Blaze Publishing’s forthcoming YA title Because I Love You looked so interesting to me that I had to ask Tori Rigby if she would be willing to answer a few questions for my blog. Read the introduction and you’ll see what I mean:   Eight weeks after sixteen-year-old Andie Hamilton gives her virginity to her best friend, “the stick” says she’s pregnant.  Her friends treat her like she’s carrying the plague, her classmates torture and ridicule her, and the boy she thought loved her doesn’t even care. Afraid to experience the next seven months alone, she turns to her ex-boyfriend, Neil…

Cover Reveal: 27 Days to Midnight

I am truly honored to announce the cover reveal of 27 Days to Midnight, a new YA Steampunk novel from Giant Squid Books. Check it out on GoodReads here and enter to win the giveaway! Here is what 27 Days to Midnight is about: Everyone in Dahlia’s world knows when they’re going to die…except her. Her father has never shown her the pocket watch counting down the days she has left to live. When he sacrifices himself to save her from her scheduled death, Dahlia abandons her comfortable home and sets off after his murderer to uncover the secrets her father…

Author Spotlight: Cait Spivey, author of From Under the Mountain

One of the books I’ve most enjoyed reading so far this year has been the epic fantasy adventure From Under the Mountain by Cait Spivey, released through Reuts Publications. The story is based in a mind-blowing, fantastic world meticulously built by Spivey as a young woman finds herself, after the death of her tyrannical royal family, at the head of an empire. The novel is sometimes reminiscent in the best possible way of Game of Thrones in its scope and intrigue. There is magic and intrigue and complex human relationships in a world where sexual orientation doesn’t raise eyebrows, but…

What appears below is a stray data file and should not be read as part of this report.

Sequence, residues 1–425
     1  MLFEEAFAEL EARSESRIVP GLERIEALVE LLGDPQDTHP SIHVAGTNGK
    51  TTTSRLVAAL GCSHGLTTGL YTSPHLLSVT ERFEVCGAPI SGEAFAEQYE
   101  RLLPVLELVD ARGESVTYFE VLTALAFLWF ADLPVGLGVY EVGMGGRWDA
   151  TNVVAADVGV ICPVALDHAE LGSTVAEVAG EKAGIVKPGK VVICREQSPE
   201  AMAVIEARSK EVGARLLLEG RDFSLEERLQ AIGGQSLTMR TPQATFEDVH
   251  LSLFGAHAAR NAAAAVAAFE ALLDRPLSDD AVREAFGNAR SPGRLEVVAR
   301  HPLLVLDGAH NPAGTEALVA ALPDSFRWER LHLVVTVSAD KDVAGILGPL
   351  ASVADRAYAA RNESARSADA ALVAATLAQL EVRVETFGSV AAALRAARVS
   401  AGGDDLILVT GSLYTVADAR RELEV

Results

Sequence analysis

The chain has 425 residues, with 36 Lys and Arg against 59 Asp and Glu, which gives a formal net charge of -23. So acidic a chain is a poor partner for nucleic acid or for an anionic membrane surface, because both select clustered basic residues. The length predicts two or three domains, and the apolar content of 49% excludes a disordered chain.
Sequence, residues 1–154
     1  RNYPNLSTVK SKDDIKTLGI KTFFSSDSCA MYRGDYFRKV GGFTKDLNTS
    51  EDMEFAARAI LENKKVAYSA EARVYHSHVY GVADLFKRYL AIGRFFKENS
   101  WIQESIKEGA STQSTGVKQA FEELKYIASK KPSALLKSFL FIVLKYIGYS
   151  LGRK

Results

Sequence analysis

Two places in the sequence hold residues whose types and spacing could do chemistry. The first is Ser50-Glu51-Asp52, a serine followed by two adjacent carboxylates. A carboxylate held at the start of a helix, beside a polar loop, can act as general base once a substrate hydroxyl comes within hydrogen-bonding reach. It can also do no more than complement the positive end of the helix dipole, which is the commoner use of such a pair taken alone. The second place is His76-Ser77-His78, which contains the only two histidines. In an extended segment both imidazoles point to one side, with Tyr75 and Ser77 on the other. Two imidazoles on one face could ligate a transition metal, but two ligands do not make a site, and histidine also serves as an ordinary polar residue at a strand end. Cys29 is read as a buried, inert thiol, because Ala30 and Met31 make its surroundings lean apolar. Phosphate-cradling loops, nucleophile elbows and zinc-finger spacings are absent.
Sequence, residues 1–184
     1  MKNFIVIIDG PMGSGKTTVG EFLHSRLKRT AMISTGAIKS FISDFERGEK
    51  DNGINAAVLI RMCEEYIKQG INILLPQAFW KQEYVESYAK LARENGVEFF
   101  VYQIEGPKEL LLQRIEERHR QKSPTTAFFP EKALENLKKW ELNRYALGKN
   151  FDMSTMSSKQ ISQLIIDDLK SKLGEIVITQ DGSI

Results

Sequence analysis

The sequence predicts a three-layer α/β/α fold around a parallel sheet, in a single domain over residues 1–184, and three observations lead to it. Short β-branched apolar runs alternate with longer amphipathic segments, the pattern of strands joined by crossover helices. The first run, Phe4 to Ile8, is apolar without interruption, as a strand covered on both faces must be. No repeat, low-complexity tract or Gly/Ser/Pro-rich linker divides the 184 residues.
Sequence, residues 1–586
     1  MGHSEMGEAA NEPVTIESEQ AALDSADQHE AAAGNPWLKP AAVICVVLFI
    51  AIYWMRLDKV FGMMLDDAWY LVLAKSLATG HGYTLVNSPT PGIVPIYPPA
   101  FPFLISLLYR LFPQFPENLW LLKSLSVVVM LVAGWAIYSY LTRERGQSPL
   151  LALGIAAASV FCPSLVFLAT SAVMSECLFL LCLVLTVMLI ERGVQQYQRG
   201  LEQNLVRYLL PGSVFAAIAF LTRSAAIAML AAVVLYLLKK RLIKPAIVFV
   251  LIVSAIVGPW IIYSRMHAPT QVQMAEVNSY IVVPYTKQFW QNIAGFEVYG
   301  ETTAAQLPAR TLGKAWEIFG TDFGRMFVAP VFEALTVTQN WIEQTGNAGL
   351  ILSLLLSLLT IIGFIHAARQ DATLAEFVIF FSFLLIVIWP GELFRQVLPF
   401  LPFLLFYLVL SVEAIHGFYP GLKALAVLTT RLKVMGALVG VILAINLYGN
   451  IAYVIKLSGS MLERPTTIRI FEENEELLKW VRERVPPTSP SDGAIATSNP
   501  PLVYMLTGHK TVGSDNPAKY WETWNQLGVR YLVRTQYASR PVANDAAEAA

Read Books

At an interview today, a lovely journalist asked me if I read all the time. Answer: I do. I read every day. But reading isn’t a chore. This isn’t a blog for Puritans, despite the writer’s distaste for fun and compliments. When I was a kid, I loved the library. I spent hours there. I came home with piles of books. I read them with great pleasure. I love the library in the same way now, except that I can order books ahead of time and find them waiting for me there with my name tag attached. That’s like Christmas…

5 Brief Book Reviews

The Infinite Tides by Christian Kiefer The Infinite Tides is a story about a grieving astronaut that is relentless in its integrity. I always appreciate the rare author who can plumb great emotional depths without a hint of sentimentality or a single false note. I read this novel as instructive in craft, as well as a meditative study of grief and mid-life spiritual growth. Indeed, there is a complex spiritual truth woven throughout this narrative about nothing less than what human beings are essentially for. The Infinite Tides is impeccably and beautifully written. This is painfully honest work about grief, manhood, relationship,…